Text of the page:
Friday, June 24, 2011

Blessed (and Stressed) by Autism

In recent years a nephew and a niece have each had a child with some form of autism, and close friends of ours have had a grandchild diagnosed with the disorder. In the latter case, his mother started a blog called “rainmom” on which she posted everyday episodes of her son’s problem behaviors and his difficulties with impulse control.

None of these three children have full-blown autism, as in the inability to speak or to show any kind of affection, and “rainmom’s” son exhibited some unusual abilities early on. For example, by age four he could name each of the American presidents and their wives.

His father recently wrote the following on his own blog: “When we first considered the possibility that our son might be autistic it mostly seemed like good news. We already knew that his speech was delayed, and that he seemed largely oblivious to other humans much of the time. We already knew he was beautiful and charming and that we loved him. So, at first the diagnosis ... seemed to promise answers to the questions that were bothering us, like Why? and What should we do? However, as we read more and more about autism, a dreadful prospect emerged, that his socially awkward behavior may never change...”

He offered the following suggestions for how others can be supportive:

Offer to help.

Be patient if you are told that the help you are offering is not wanted, and keep trying.

Read up on autism.
Interact with my child.  But do not expect (and certainly don't demand) that he will interact with you.

Tell me that you have noticed actual, observable progress my child has made (But don’t make stuff up).

Tell me that you like my child.

Tell me about resources for the parents of autistic children you’ve heard about.  But don't go on and on about them and don't get offended if I don't avail myself of them.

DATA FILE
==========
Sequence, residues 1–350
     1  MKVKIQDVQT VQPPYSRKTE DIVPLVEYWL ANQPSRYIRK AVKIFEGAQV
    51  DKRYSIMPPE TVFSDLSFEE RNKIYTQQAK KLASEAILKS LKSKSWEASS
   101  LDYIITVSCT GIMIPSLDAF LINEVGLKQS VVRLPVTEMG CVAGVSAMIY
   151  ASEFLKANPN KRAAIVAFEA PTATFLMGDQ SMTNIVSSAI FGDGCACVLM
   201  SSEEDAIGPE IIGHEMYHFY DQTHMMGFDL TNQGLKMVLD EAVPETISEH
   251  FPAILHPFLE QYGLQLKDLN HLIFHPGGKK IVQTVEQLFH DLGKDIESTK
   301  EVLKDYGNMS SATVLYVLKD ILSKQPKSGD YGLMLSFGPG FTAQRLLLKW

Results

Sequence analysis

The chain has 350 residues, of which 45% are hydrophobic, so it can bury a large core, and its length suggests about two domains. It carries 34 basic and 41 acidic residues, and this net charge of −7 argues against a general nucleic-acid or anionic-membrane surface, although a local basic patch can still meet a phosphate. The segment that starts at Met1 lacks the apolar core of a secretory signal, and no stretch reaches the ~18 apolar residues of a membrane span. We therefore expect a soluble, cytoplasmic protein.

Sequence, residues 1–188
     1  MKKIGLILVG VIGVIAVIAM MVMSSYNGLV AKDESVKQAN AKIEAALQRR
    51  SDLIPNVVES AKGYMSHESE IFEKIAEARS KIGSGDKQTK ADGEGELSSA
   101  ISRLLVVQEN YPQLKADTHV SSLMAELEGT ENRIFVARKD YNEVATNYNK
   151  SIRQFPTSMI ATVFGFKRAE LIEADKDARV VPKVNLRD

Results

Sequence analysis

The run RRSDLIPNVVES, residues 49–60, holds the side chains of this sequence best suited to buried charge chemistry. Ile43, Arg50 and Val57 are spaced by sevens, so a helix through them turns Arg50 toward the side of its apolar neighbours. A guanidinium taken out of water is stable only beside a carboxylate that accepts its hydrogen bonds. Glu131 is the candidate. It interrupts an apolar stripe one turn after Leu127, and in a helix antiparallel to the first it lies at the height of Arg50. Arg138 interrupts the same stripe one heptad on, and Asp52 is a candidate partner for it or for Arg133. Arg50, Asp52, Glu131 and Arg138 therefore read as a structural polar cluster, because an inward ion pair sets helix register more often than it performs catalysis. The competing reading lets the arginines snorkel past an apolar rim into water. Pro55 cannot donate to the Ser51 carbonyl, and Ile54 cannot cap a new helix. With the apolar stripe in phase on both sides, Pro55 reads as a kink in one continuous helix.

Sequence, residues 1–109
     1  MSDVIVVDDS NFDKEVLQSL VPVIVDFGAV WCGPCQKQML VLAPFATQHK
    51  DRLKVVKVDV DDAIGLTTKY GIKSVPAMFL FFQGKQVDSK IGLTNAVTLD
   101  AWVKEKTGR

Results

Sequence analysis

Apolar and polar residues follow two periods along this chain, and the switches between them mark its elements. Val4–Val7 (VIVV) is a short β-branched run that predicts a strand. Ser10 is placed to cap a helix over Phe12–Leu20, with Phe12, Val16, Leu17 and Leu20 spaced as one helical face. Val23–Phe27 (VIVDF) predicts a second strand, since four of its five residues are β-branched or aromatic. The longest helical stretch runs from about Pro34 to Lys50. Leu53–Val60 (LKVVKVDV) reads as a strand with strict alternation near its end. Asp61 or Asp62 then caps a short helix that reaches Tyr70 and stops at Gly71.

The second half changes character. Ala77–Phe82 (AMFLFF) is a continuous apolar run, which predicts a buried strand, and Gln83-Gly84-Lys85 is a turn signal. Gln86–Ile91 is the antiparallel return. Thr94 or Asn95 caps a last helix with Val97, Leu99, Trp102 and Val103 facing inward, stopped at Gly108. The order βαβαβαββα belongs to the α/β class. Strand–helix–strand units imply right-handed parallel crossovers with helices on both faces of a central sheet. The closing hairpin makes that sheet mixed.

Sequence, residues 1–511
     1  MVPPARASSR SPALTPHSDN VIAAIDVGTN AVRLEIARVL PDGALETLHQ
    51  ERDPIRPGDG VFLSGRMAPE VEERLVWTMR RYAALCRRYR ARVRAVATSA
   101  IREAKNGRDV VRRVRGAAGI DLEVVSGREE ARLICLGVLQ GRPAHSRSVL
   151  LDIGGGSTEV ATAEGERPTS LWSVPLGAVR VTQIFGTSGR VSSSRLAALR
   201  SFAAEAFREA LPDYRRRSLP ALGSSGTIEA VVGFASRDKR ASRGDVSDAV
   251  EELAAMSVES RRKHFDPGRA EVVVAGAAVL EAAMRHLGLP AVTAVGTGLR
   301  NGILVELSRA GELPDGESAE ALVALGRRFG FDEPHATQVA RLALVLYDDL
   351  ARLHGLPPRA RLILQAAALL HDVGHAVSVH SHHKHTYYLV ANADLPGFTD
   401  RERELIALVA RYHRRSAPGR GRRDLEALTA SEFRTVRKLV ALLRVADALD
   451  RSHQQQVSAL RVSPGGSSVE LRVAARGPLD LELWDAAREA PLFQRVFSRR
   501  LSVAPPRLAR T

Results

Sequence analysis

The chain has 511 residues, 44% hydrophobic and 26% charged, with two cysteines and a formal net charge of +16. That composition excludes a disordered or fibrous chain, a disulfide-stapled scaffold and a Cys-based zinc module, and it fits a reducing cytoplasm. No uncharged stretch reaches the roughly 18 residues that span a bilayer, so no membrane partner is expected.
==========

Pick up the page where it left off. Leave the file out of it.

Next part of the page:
Offers of babysitting and suggestions of resources are always welcome. 

Then he added some don'ts:

Don’t tell me that my child seems "normal" to you. 

Don’t go on and on and on about every new diet, therapy, potential cause or miracle cure you’ve heard about.

Don’t assume that the things you do that endear other children to you will endear you to my child.

And don’t assume that because you know another autistic child well, that you know my autistic child in the slightest.

Our niece experienced some great examples of helpful things their church did for them. One member frequently spent time with their son during church services to give the parents a break. The pastoral team met with a consultant to learn more about autism and how the church could be more supportive. A flyer with their son's picture and some of his strengths, challenges and positive ways to interact with him was prepared for everyone in the congregation. It explained, for example, that his unusual noises in church were not intentional. The church also encouraged them to share with friends and with others in their cell group their sense of the "continual loss"  autism brings to a family. 

The nephew who’s the parent of an autistic child, shared the following with me in a recent email:

"Parents of recently diagnosed children should talk to other parents of autistic children about it. I had a colleague at work whose daughter was diagnosed the year before. It was very helpful to hear her perspective when I was distraught. 'It gets better,' she told me and she was right. I held on to this and to know someone else similar to me was going through the same things was immensely helpful. Find someone online, there are many support groups, ASA, etc., that can help you just when you need to talk and also to help you find resources. You will be amazed just how many people are around you are affected by autism and it can give you strength to hear their stories.

"In getting help for your child do not wait and do not be afraid to be pushy. My wife and I learned very early on that you have to be persistent and doggedly pursue services and programs for our son. Sometimes you have to be the squeaky wheel.

“And be careful about giving advice on discipline or parenting issues. Comments like ‘You just need to set some limits and be consistent!’ can be well intentioned, but to a parent can be interpreted as it being your fault.


Hearing all this reminded me that it really does take a whole village, or a whole congregation, to raise a child. And this is especially true in the case of one with special needs.

Post a Comment